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Oliver Christian Bosbyshell – U.S. Mint Figure Profile

Oliver Christian Bosbyshell: Chief Coiner and Superintendent of the Philadelphia Mint. Born January 3, 1839 in Vicksburg, Mississippi. Died August 1, 1921 in Philadelphia, Pennsylvania. Career: Register of Deposits (Philadelphia Mint): May 4, 1869 – September 30, 1872; Assistant Coiner (Philadelphia): October 1, 1872 – December 14, 1876; Chief Coiner (Philadelphia): December 15, 1876 – February 1885; Superintendent (Philadelphia): November 1, 1889 – March 31, 1894.

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Oliver Bosbyshell.
Oliver Bosbyshell. Image: Public Domain

Oliver Christian Bosbyshell was born in Vicksburg, Mississippi. His father, also named Oliver Christian Bosbyshell, died shortly after his birth. After his father’s passing, Bosbyshell’s mother, Mary A. Whitney, returned with her son to her family home in Schuylkill County, Pennsylvania, where they lived with her father, Lebbeus Whitney.

At the age of 15 in 1854, Bosbyshell took a job working for the Philadelphia and Reading Railroad. Later, he studied law under F.W. Hughes. Bosbyshell would eventually served as the eighth Chief Coiner of the Philadelphia Mint from December 15, 1876 to February 1885. He then served as the fourth Superintendent at Philadelphia from November 1, 1889 to March 31, 1894.

Sometimes said to be the first Union soldier wounded during the American Civil War (allegedly, he was hit by a thrown object during the Baltimore Riots on April 17, 1861), this claim is dubious. He did see action at the battles of First Bull Run, Antietam, Second Bull Run, and Fredericksburg. His service in the war is most likely the reason he was sometimes referred to as “Colonel” later in life.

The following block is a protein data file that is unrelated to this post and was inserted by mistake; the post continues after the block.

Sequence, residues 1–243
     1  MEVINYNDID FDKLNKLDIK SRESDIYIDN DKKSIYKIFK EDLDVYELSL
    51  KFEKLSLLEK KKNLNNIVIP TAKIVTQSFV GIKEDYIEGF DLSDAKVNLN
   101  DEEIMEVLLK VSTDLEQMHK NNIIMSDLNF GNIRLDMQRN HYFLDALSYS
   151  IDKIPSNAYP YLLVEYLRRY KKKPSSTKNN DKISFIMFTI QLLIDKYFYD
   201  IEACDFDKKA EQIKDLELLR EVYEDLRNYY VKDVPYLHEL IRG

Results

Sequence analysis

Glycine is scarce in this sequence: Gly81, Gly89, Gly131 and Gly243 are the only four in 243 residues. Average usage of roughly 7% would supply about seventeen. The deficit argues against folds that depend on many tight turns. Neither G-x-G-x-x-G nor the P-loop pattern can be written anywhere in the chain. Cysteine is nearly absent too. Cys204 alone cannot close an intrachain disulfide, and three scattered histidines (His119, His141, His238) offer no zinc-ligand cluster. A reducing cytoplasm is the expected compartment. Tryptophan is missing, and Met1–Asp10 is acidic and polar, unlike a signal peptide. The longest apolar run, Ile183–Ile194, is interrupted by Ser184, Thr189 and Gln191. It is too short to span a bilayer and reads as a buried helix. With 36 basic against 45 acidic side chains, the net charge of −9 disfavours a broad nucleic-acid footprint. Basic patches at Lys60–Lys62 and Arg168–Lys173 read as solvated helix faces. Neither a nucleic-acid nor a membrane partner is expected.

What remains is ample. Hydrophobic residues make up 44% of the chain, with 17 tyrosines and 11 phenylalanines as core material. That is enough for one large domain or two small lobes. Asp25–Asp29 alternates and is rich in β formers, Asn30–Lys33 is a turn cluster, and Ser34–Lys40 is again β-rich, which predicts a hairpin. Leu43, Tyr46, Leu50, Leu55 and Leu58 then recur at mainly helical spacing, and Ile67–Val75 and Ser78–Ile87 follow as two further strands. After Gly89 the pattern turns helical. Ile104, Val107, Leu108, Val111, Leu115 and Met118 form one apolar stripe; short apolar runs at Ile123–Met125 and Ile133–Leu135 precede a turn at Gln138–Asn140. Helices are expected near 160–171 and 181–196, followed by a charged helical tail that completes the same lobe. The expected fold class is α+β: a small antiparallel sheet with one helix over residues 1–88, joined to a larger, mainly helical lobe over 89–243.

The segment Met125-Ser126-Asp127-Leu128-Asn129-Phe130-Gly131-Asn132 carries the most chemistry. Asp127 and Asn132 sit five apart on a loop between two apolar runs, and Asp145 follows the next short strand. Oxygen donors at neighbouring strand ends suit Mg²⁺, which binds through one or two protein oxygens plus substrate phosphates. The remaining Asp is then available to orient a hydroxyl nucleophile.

Bosbyshell left the front on a temporary leave of absence on June 24, 1863, to marry Martha Ellen Stem. After returning, Bosbyshell fought in the Battle of the Crater on July 30, 1864 in Petersburg, Virginia. Martha died in 1914.

Bosbyshell’s post-war career at the United States Mint began on May 4, 1869, when he took a position as Register of Deposits at the Philadelphia Mint. A few years later, he was promoted to Assistant Coiner on October 1, 1872, and appointed Chief Coiner on December 15, 1876 after A. Loudon Snowden was appointed Postmaster of Philadelphia. Four years after the end of Bosbyshell’s service as Chief Coiner, President Benjamin Harrison appointed him as the Superintendent of the Philadelphia Mint on November 1, 1889 – a position Bosbyshell served in until March 31, 1894.

Some pattern coins sold to numismatist Harold P. Newlin are said to have originated from Bosbyshell. Author Q. David Bowers says that Bosbyshell is responsible for the illegal striking of earlier-date pieces for financial gain and personal satisfaction. Also, numismatist Don Taxay says that Bosbyshell warned Mint Director Henry Linderman against the use of the goloid alloy (which contains about 87% silver) due to the fact it was nearly indistinguishable in color to the 90% silver coinage of the time. He also warned against “wicked coiners”–an ironic statement if Bowers is correct.

1804 Class III Restrike. Rosenthal Specimen. Image: American Numismatic Society.
1804 Class III Restrike. Rosenthal Specimen. Image: American Numismatic Society.

Bosbyshell was also involved in the sale of a Class III 1804 dollar between collectors Isaac Rosenthal and James Ellsworth. He vouched for the coin in a letter to Ellsworth, stating: “This dollar has been subjected to the most severe scrutiny in the Mint, and all of the experts are entirely satisfied that it is a genuine dollar from 1804.”

The authenticity of the coin was further corroborated by Mint Chief Engraver Charles E. Barber and Mint Curator Robert A. McClure.

Bosbyshell later worked for Fidelity Mutual Life Insurance Company out of Philadelphia: as Director in 1884; as Vice President in 1887; and as Treasurer in 1894. He served on the United States Assay Commission in 1898. He died at his home in Philadelphia after suffering a stroke on August 1, 1921.

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Smith, Pete. “Bosbyshell Claimed Historic First”, The Numismatist. November 1993. Print.

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CoinWeek Notes
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